Dedications: My four late friends Rory, Stan, Bryan, Jeff - shine on you crazy diamonds, they would have blogged too. Then theres Garry from Brisbane, Franco in Milan, Mike now in S.F. / my '60s-'80s gang: Ned & Joseph in Ireland; in England: Frank, Des, Guy, Clive, Joe & Joe, Ian, Ivan, Nick, David, Les, Stewart, the 3 Michaels / Catriona, Sally, Monica, Jean, Ella, Anne, Candie / and now: Daryl in N.Y., Jerry, John, Colin, Martin and Donal.

Tuesday, 12 June 2012

Irish quartet

I have done threads on London and Paris (see labels) but how about Dublin in the 1960s? Look, there's Agnes Browne selling her fruit at her market stall, over there gay bus conductor Albert Byrne is entertaining his passengers -  while Edna O'Brien's country girls Kate and Baba (GIRL WITH GREEN EYES) are having a great time and looking for romance. A 1930s Ireland is also conjured up in the film THE FIELD - and of course the film of that great play DANCING AT LUGHNASA where Meryl Streep leads a great ensemble. Let's look at a few of these.  At least THE GIRL WITH GREEN EYES (Ireland label) was made in the '60s and has that real Dublin vibe - there is something skewered in those colorful '90s recreations .... (also in the '60s films like YOUNG CASSIDY, ULYSSES, LOCK UP YOUR DAUGHTERS, SINFUL DAVEY were filmed there, as well as 1959's SHAKE HANDS WITH THE DEVIL ... also in the '60s RYAN'S DAUGHTER in Kerry and my favourite I WAS HAPPY HERE in Clare.)

Anjelica Huston's AGNES BROWNE (1999) is an earlier incarnation of Brendan O'Carroll's series MRS BROWNE'S BOYS and his book "The Mammy". It is not really a realistic picture of a Dublin widow bringing up 7 children in the 1960s. The comic tone is set from the start as Mrs Browne and her friend arrive at the benefits office to claim her widow's pension. The harrassed assistant asks her when her husband died, to which Agnes replies "ten past four" - that day, she has not even got the death certificate yet! She therefore has to go to the local loan shark - a younger Ray Winstone with a dreadful accent - for ready cash. Then there is the funeral mix up with several coffins arriving at the same time and they are at the wrong graveside!
Agnes though copes well, she does not seem bothered by the loss of her husband, she and her best friend Marion (Marion O'Dwyer) cope with life's ups and downs, out drinking on a Friday night, and they have a day at the seaside but then Marion too is taken from her by cancer .... but there is that French baker who has eyes for Agnes and you just know it will all end ok for her, as her kids run riot at the swanky Gresham Hotel and one of them falls foul of the loan shark, but they club together to buy her that blue dress for her first date with the French guy - and then Tom Jones pops up as himself (this in 1999) and saves the day too as we end with Agnes and her brood watching him as his 1967 self  in concert [its Cliff Richard in the book!].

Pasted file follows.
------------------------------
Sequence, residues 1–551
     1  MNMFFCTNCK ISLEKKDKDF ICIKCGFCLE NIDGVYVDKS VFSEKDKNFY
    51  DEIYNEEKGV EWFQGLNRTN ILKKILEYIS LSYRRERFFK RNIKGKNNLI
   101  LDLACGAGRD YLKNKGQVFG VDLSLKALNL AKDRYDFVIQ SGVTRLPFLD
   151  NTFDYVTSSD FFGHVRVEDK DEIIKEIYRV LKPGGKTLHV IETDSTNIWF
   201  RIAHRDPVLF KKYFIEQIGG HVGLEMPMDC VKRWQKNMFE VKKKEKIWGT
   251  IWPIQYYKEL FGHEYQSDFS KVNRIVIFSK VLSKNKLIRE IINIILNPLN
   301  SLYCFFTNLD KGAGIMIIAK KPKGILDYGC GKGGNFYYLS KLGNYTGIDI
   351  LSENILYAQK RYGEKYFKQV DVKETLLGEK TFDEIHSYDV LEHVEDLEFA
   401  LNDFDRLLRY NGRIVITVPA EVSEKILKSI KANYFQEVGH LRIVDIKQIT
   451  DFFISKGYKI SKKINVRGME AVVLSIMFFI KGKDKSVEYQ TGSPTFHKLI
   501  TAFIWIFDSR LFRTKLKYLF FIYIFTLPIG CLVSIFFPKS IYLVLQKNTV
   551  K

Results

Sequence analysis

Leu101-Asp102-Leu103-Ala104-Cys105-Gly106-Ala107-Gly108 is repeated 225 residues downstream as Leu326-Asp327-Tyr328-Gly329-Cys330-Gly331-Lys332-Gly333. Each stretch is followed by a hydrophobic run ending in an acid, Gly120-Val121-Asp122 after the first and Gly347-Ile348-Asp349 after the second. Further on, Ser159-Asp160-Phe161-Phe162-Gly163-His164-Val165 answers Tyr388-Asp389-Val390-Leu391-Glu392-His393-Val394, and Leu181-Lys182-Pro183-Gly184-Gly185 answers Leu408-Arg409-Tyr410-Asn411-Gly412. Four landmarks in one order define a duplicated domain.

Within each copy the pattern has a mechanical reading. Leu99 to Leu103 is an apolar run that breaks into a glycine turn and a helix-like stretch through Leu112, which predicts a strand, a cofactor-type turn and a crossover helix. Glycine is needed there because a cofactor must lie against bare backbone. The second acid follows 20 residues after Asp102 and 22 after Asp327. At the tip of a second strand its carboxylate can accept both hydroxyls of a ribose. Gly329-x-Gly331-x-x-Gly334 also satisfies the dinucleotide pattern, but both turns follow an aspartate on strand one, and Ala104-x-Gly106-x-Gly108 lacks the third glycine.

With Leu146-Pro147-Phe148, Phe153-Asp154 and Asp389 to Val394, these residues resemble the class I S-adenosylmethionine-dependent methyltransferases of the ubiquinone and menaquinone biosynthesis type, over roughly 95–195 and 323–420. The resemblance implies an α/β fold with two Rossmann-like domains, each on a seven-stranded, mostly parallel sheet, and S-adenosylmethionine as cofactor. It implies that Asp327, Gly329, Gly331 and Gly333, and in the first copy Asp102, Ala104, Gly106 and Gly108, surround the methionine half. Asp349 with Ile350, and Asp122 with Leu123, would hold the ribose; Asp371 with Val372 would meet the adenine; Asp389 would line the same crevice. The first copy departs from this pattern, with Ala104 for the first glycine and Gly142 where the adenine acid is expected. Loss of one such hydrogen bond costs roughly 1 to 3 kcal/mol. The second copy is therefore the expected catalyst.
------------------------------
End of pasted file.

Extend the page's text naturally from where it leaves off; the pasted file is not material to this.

Angelica (marvellous is so many things from THE GRIFTERS to her father's THE DEAD - another great Irisih film) directs all this with a sure touch - she of course spent a lot of time in Ireland growing up partly at her father's pile in Galway - but she is perhaps a tad too glamorous for a harrassed mother of seven? Author Brendan O'Carroll (who plays Mrs Browne in his successful tv series) pops up too in various moments as the local drunk. So really I suppose it is great fun really but don't expect realism.

It's back to 1963 Dublin for Albert Finney's turn - as the blurb says:
"A touching and gentle tale of self-discovery and expression, A MAN OF NO IMPORTANCE (1994) features a stellar cast of British acting talent.

Dublin 1963. Middle-aged bus conductor Alfred Byrne passes the day cheerily entertaining his passengers with passionate recitals of Oscar Wilde's poetry. However, Alfred is secretely living a desperately unhappy life - he's gay, deeply closeted and in love with his colleague, bus driver Robbie (Rufus Sewell) whom he adores from a distance.

When he meets an enchanting young passenger Adele (Tara Fitzgerald) Alfie is inspired to mount a production of Wilde's SALOME with Adele as the lead. With the rest of the cast filled out by his regulars, including a gruff butcher (Michael Gambon), he sets out to produce Wilde's controversial play - but not everyone is pleased with the choice. With production woes piling on, Alfie is forced to overcome his fears and be happy with who he is".